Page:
When no filtering is performed by the spatial filter 110, the light value of the target area 123 remains unchanged at a gain of 1.0.

The first spatial filter 111 is described first. To obtain a gain of 1.0, the first spatial filter 111 sets an input light value (the read light value La of the target area 123) to and adds 1/16 of the read light value La of the surrounding areas 120 a to the input light value. By doing so, the first spatial filter 111 ensures a light value of the same magnitude as that of the target area 123 using the light value of the entire filter area 120. The first spatial filter 111 performs filtering by modifying the light value according to modification parameters 121 of FIG. 5.

Due to limitations in the light intensity of the light source 148, when a video image is displayed in which a specific portion is particularly bright, it may not be possible to brighten the specific portion to the desired level by the light from the light source area 145 corresponding thereto. The first spatial filter 111 of the light-value modifying module 104 modifies the light value by filtering so that the light sources 148 of the surrounding areas 120 a light more brightly to compensate for the shortage of light intensity.

The first spatial filter 111 modifies the light value using Equation (1) as follows:
L′mn=ALmn+B{L(m−1)(n−1)+Lm(n−1)+L(m+1)(n−1)+L(m−1)n+L(m+1)n+L(m−1)(n+1)+Lm(n+1)+L(m+1)(n+1)}  (1)
where A is the modification parameter of the target area 123 and B is the modification parameter of the surrounding areas 120 a.

Because the gain of the first spatial filter 111 is 1.0, the light energy of the entire filter area 120 remains the same for all video images. In other words, the brightness and the power consumption remain the same as before filtering.

For example, in a video image in which a white ball is moving horizontally against the black background, the light sources 148 of the light source areas 145 sequentially turn on and off as the ball moves. This turning on/off of the light sources 148 causes the video image to flicker. However, filtering with the first spatial filter 111 suppresses abrupt changes in brightness, thereby achieving a smooth change of luminance. Thus, it is possible to enhance the dynamic characteristics of the video display and reduce flicker.

However, if the surrounding areas 120 a used for compensating for insufficient brightness are dark, desired brightness cannot be achieved by addition of 1/16 of the light values of the surrounding areas 120 a. If luminance is measured partly, luminance may decrease by filtering with the first spatial filter 111. For this reason, the light-value modifying module 104 is provided with the second spatial filter 112.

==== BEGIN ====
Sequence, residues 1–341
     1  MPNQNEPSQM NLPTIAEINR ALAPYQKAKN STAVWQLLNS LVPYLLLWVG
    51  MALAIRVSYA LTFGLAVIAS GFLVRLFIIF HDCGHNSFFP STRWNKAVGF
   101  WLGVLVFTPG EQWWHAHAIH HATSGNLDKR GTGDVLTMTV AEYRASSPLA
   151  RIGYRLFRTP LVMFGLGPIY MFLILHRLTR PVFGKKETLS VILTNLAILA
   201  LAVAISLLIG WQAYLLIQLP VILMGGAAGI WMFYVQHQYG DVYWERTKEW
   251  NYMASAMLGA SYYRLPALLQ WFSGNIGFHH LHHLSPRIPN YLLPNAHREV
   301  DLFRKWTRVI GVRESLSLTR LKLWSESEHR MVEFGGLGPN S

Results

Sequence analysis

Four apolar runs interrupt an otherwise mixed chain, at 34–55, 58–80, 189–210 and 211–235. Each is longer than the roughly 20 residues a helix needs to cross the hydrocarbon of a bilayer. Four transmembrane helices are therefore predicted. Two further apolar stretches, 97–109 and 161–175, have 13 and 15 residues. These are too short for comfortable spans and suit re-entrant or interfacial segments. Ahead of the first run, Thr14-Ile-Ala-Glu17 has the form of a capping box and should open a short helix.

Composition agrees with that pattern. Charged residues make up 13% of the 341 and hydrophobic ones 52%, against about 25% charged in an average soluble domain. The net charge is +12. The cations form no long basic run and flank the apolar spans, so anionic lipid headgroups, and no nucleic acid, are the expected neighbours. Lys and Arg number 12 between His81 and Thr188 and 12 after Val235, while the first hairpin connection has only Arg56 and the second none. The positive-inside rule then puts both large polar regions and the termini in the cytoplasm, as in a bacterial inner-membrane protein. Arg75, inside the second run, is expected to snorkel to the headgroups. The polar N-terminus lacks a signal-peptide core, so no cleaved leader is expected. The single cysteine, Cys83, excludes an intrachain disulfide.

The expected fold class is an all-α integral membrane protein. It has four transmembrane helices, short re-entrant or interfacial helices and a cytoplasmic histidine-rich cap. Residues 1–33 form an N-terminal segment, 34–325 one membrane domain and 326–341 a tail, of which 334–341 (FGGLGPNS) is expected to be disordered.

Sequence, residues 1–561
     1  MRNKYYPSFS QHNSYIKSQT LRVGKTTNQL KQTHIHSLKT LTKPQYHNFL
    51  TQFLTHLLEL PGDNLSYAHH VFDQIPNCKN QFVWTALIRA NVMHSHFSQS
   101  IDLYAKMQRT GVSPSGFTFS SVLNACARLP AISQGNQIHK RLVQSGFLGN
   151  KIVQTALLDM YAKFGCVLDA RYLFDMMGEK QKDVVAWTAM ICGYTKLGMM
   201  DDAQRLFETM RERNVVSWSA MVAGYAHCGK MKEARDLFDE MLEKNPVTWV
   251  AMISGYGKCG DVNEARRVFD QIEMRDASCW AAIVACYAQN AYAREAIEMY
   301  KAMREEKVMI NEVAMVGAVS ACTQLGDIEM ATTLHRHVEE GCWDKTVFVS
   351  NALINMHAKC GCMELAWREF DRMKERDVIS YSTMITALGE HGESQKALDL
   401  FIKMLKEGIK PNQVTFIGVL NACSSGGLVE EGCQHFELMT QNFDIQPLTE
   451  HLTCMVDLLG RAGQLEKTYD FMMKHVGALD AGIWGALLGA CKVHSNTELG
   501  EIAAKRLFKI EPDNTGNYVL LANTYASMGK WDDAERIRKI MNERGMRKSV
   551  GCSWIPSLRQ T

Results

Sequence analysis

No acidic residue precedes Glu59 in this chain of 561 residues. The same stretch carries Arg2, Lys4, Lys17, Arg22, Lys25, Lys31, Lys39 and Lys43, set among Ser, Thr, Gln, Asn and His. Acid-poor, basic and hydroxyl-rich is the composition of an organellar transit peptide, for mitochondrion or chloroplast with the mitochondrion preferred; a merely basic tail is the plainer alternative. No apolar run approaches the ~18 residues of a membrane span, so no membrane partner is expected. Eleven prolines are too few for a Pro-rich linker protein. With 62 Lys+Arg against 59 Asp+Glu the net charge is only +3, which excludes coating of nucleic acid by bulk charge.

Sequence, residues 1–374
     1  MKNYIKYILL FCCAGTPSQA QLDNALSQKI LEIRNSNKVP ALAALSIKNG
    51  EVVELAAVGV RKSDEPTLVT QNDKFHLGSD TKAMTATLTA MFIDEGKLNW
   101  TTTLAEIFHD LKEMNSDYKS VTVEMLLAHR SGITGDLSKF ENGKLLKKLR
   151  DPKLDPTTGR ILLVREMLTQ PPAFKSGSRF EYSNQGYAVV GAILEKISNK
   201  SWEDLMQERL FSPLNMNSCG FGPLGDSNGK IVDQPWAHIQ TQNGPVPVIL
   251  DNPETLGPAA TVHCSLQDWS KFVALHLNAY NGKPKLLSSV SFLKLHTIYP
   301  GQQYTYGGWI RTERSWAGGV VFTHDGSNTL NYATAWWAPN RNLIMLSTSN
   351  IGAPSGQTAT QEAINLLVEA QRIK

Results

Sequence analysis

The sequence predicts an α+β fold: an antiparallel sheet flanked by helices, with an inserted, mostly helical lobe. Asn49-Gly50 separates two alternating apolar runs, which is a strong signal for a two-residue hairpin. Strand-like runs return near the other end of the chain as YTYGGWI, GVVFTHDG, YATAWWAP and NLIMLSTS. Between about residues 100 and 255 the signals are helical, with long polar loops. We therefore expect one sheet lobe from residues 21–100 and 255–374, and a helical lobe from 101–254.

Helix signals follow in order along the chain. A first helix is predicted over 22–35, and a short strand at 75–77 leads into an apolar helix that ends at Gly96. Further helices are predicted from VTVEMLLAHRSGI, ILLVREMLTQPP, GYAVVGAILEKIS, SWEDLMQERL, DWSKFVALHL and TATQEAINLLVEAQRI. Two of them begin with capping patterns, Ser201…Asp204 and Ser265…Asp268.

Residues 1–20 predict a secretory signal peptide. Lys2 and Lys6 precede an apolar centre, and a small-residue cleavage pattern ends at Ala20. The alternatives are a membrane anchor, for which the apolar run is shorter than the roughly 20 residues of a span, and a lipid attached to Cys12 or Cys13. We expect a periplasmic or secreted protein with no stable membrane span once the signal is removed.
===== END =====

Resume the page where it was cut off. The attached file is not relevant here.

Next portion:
Modification parameters 122 for the second spatial filter 112 are set to achieve a gain of 1.5. The second spatial filter 112 uses the same Equation (1) given above. The second spatial filter 112 differs from the first spatial filter 111 in that the light value of the target area 123 remains unchanged.

Because the gain of the second spatial filter 112 is 1.5, the brightness of the filter area 120 increases compared to the light value before filtering. Therefore, more power is consumed due to filtering by the second spatial filter 112. This is explained with reference to FIG. 6.

FIG. 6 is a graph comparing the luminance of the liquid crystal panel 150 in 100% (full) white display mode (a full-white screen) between when no filtering is performed (when filter is OFF) and after filtering is performed by the second spatial filter 112. The vertical axis represents the luminance of the liquid crystal panel 150, and the horizontal axis represents the input video signal. It can be seen from FIG. 6 that the overall brightness increases when filtering is performed by the second spatial filter 112. Meanwhile, it can also be seen from FIG. 6 that saturation of luminance is reached when input video signals exceed 200. This indicates unnecessary increase in brightness and wasteful power consumption.

As described above, if filtering is performed by only the first spatial filter 111 with a gain of 1.0, it is possible to achieve a smooth change of surrounding luminance without increasing power consumption, and thus to enhance the dynamic characteristics as well as to reduce flicker in a video image with sharp brightness variation. In this case, however, the overall luminance may decrease.

On the other hand, if filtering is performed by only the second spatial filter 112 with a gain of 1.5, the luminance can be increased; however, power is wastefully consumed when filtering is always performed with a gain of 1.5.

Therefore, the light-value modifying module 104 is provided with the first spatial filter 111 and the second spatial filter 112, and selectively switches between the two. Consequently, luminance shortage can be eliminated without wasteful power consumption.

FIGS. 7 and 8 are graphs like that of FIG. 6 when filtering is performed by both the first spatial filter 111 and the second spatial filter 112 while selective switching is performed between the two. FIG. 7 is a graph comparing the luminance of the liquid crystal panel 150 in 1% white display mode (1% of the screen area displays a white portion), while FIG. 8 is a graph comparing the luminance of the liquid crystal panel 150 in 100% white display mode.